A team of British scientists released a worrying study on Wednesday about the new variant of the coronavirus that is sweeping the UK. They warned that the variant is so contagious that new control measures, including the closure of schools and universities, may be necessary. Even that may not be enough, they noted, saying, “It may be necessary to speed up the launch of the vaccine a lot.”
The study, released by the Center for Mathematical Modeling of Infectious Diseases at the London School of Hygiene and Tropical Medicine, has not yet been reviewed by a scientific journal. The study compares a series of models as predictors of data on infections, hospitalizations and other variables; other researchers are studying the variant in laboratory experiments to determine whether it is biologically distinct.
The study found no evidence that the variant was more deadly than others. But the researchers estimated it was 56% more contagious. On Monday, the British government released an initial estimate of 70 percent.
Bill Hanage, an epidemiologist at the Harvard School of Public Health TH Chan who was not involved in the study, said he provided a convincing explanation of the variant’s past and potential future.
“The overall message is solid and consistent with what we have seen from other sources of information,” he said in an interview. “This matters? Yes. Is there evidence of greater transmission? Yes. Will it have an impact in the coming months? Yes. All of these are, I think, very solid. “
The variant, which caught the attention of British researchers earlier this month, has spread rapidly across London and eastern England. It carries a set of 23 mutations, some of which can make it more contagious.
The study authors found more evidence that the variant does indeed spread more quickly than others. For example, they ruled out the possibility that it was becoming more common because the outbreaks started in places where people were more likely to come into contact with each other. The data recorded by Google, indicating the individual movements of cell phone users over time, did not show such a difference.
The researchers built different mathematical models and tested each one as an explanation for the spread of the variant. They analyzed which dissemination model best predicted the number of new cases actually confirmed, as well as hospitalizations and deaths.
The team then designed what the new variant would do in the next six months and built models that took into account different levels of restrictions. Without a more substantial vaccine launch, they warned, “cases, hospitalizations, ICU admissions and deaths in 2021 may exceed those in 2020”.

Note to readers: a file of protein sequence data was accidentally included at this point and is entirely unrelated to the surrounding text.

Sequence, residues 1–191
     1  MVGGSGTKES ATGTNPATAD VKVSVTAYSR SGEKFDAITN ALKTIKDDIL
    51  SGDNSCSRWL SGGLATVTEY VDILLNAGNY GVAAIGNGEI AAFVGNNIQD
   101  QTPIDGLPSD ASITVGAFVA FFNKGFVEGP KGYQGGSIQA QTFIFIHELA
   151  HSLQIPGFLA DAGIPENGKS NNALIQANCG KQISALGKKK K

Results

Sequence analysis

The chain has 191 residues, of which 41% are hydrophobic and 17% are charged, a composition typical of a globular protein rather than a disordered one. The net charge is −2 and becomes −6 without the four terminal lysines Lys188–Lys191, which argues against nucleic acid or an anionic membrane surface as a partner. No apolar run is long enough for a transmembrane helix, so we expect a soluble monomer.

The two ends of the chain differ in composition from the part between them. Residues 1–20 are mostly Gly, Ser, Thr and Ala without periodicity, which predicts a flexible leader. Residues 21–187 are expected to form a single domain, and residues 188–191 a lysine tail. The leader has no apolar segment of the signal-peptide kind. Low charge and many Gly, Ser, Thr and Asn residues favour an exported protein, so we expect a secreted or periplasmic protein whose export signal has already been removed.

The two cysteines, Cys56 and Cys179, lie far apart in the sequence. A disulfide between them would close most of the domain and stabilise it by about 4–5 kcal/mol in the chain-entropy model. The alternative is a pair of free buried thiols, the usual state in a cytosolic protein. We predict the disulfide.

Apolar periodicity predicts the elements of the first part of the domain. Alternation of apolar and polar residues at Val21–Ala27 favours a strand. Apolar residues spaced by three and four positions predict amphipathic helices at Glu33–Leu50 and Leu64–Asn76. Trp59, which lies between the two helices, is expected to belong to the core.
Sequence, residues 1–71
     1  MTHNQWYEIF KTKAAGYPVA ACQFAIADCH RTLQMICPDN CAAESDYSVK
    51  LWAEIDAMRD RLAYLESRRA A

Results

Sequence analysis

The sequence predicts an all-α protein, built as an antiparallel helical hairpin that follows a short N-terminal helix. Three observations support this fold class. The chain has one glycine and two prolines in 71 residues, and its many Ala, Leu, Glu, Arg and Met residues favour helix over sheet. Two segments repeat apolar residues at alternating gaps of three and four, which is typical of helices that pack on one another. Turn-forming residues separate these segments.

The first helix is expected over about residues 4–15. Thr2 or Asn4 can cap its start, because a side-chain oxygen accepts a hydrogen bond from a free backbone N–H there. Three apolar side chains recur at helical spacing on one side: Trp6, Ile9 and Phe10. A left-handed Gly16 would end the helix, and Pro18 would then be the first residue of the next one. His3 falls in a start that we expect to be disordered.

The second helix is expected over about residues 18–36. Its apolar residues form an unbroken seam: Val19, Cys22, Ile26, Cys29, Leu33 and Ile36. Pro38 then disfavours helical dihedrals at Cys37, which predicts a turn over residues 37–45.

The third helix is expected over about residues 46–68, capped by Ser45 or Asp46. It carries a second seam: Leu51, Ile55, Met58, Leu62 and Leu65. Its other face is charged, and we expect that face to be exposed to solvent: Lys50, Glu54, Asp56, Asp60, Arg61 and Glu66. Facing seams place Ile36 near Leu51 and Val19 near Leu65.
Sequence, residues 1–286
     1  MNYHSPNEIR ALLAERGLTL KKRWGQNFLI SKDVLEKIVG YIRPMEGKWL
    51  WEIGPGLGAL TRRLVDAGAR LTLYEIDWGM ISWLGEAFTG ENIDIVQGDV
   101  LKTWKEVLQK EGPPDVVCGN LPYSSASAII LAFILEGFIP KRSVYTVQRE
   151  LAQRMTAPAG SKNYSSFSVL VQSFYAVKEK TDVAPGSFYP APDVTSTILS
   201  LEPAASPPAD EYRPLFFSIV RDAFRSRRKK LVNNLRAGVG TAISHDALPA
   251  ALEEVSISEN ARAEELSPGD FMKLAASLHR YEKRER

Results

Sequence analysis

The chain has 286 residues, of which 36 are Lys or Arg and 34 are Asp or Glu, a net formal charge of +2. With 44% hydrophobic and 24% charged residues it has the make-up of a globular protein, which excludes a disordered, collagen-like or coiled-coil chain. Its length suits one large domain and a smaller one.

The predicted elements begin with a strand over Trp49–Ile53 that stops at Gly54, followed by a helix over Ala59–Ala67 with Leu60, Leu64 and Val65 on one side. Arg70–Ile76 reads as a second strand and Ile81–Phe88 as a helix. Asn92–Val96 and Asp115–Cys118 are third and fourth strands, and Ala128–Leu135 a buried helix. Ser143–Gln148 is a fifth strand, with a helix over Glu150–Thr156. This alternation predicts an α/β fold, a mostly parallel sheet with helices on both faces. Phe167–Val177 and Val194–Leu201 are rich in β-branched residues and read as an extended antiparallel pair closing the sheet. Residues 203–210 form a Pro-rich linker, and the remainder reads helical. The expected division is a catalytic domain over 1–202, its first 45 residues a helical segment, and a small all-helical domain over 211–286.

Closing schools by February could give Britain some time, the researchers found, but lifting these extra restrictions would cause a major recovery in cases.
Because of the higher transmission rate, the country will need a much larger percentage of the population to be vaccinated and to achieve collective immunity. To reduce peak load in ICUs, the researchers found, vaccination would need to jump to two million people a week, compared to the current rate of 200,000.
“You need to be able to get as many barriers to transmission as you can as quickly as possible,” said Hanage.
The researchers warned that their model was based, like any model, on a set of assumptions, some of which may be wrong. For example, the rate at which infected people die from Covid-19 may continue to fall as doctors improve care for hospitalized patients. Uncertainties remain as to whether the new variant is more contagious in children and, if so, how much.
Still, they wrote, “there is an urgent need to consider what new approaches may be needed to sufficiently reduce the continuous transmission of SARS-CoV-2”.
Alessandro Vespignani, director of the Network Science Institute at Northeastern University in Boston, who was not involved in the study, said of the new estimates: “Unfortunately, this is another plot twist.”
“While we were all rejoicing over the vaccine,” he added, “here is the possibility of a change in the epidemiological context that will make our next months much more complex and dangerous to navigate. Evidence is accumulating that the variant is more transmissible, and this implies that it will probably require an even greater effort to keep the spread under control. “
Dr. Hanage warned that the model had some shortcomings. The researchers assumed that everyone under the age of 20 had a 50 percent chance of spreading the disease. While this may be true for younger children, said Hanage, it is not for teenagers. “This is the weakest part of their model,” he said.
However, he said, the study offered an important glimpse into the country’s possible futures. “It is not a forecast, it is not a forecast, it is not saying it will happen,” he said. “It means that if you don’t take it seriously, that’s the kind of thing that can easily happen.”
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Benjamin Mueller contributed reporting.